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American History: 1865-Present, Government, Human Geography


6th, 7th, 8th


Social Studies, Civics, History, Geography


85 minutes

Regional Focus

North America, United States


Google Docs, Google Slides


This lesson plan is licensed under Creative Commons.

Creative Commons License

Redlining, Tree Equity, and Environmental Racism

Created By Teachers:
Last Updated:
Dec 8, 2023
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In this lesson, students learn how redlining connects to tree equity and racial justice.


Step 1 - Inquire: Students learn definitions of redlining and systemic racism and explore the Mapping Inequality tool.


Step 2 - Investigate: Students explore the connection between redlining and tree equity.


Step 3 - Inspire: Students share their new knowledge, discuss possible solutions to environmental inequality, and complete a written reflection.

Accompanying Teaching Materials
Teaching Tips


  • This lesson provides a clear story between redlining in the 1930s and environmental injustice seen today.

  • This lesson shows students a tangible effect of systemic racism.

  • Students are given voice and choice in this lesson.

  • Students are empowered to think about solutions to environmental injustice.

Additional Prerequisites

  • Students should have some basic understanding that racism exists whether one perpetrates individual racist acts or not.

  • Students should have some basic understanding that systems or policies can be racist.


  • Extension activities can have students explore other forms of environmental injustice stemming from redlining. Examples include health issues, air pollution, urban heat, industrial pollution, water quality, etc.

  • Student groups can pair up to compare and contrast different regions in New Jersey.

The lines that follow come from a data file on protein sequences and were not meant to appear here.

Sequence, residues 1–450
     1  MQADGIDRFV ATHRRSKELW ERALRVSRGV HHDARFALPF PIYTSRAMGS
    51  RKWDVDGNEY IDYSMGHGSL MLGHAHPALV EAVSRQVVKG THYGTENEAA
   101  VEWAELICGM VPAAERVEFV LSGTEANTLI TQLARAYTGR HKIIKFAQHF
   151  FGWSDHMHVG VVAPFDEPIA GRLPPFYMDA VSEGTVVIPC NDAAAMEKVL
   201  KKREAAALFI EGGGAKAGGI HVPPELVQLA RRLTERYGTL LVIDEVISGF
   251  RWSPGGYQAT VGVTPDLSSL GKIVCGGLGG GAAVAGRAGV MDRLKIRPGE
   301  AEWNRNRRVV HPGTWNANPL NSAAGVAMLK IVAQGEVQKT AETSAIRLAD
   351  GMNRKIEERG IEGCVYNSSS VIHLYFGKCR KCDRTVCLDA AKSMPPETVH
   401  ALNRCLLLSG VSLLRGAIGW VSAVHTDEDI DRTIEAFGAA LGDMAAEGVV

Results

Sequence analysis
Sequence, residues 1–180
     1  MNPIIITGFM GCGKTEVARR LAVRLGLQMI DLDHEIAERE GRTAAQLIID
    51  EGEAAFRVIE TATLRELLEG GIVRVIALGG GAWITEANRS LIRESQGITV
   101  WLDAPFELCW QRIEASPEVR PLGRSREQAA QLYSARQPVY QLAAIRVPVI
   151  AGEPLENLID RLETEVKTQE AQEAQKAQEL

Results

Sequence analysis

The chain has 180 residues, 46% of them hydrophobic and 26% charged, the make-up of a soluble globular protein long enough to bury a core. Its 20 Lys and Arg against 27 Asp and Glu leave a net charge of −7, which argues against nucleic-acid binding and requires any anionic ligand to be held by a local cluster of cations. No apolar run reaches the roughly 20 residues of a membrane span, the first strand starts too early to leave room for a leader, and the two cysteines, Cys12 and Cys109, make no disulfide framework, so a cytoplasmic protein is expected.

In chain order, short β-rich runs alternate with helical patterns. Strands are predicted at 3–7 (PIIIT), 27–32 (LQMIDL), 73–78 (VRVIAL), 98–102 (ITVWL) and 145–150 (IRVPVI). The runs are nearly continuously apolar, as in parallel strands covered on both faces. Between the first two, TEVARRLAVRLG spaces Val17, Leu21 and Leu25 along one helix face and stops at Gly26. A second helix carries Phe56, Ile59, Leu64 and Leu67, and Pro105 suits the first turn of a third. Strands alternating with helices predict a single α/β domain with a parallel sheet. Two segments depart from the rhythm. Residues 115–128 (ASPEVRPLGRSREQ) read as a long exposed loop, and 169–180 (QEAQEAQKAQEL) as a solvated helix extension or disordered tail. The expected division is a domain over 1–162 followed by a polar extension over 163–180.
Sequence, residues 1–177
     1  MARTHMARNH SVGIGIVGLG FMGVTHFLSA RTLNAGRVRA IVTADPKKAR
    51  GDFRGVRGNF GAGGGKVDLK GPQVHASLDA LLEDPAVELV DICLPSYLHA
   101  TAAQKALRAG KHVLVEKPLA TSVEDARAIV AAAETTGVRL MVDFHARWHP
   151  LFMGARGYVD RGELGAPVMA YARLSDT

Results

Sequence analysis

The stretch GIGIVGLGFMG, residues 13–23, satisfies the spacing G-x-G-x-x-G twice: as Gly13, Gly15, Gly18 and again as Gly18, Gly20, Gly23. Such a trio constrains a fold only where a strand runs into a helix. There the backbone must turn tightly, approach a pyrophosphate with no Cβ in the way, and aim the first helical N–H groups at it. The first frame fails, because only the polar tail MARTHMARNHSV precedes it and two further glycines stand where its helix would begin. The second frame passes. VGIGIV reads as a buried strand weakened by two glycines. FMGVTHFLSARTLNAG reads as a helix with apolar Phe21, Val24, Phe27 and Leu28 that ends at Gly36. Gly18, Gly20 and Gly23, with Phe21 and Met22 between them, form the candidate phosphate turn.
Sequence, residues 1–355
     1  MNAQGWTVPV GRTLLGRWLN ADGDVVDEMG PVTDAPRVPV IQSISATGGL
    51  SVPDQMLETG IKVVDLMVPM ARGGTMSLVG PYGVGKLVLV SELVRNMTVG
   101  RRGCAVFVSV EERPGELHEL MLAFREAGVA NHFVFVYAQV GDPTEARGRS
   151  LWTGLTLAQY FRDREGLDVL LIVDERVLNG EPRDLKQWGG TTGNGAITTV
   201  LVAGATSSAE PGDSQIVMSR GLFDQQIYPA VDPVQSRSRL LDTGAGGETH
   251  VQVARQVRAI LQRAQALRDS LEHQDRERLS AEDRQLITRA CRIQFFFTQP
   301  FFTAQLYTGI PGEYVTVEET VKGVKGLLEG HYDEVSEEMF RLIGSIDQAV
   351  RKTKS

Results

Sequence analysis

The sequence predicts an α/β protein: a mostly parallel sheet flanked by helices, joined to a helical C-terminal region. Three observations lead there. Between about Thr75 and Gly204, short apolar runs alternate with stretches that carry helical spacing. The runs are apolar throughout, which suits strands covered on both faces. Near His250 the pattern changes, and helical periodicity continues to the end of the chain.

• Students can research policies or movements in addressing redlining in New Jersey.

  • Students can research the relationship between redlining and voter suppression.

Scientist Notes

This lesson introduces the concepts of redlining, tree equity, and environmental racism to students. It walks students through the history of these practices and how the effects of these policies are still seen today. The links all provide detailed information about where their data is from and have been reviewed for accuracy. This resource is recommended for teaching.


This resource addresses the listed standards. To fully meet standards, search for more related resources.

Primary Standards

  • Social Studies
    • Active Citizenship in the 21st Century - Civics, Government, and Human Rights
      • 6.3.8.CivicsPI.3: Use a variety of sources from multiple perspectives to examine the role of individuals, political parties, interest groups, and the media in a local or global issue and share this information with a governmental or nongovernmental organization as a way to gain support for addressing the issue.
      • 6.3.8.CivicsPD.3: Construct a claim as to why it is important for democracy that individuals are informed by facts, aware of diverse viewpoints, and willing to take action on public issues.
      • 6.3.8.CivicsDP.1: Identify an issue of inequality, develop multiple solutions, and communicate the best one to an appropriate government body.
      • 6.3.8.CivicsPR.4: Use evidence and quantitative data to propose or defend a public policy related to climate change.
    • U.S. History: America in the World - Civics, Government, and Human Rights
      • 6.1.8.CivicsPI.3.c: Distinguish the powers and responsibilities of citizens, political parties, interest groups, and the media in a variety of governmental and nongovernmental contexts.
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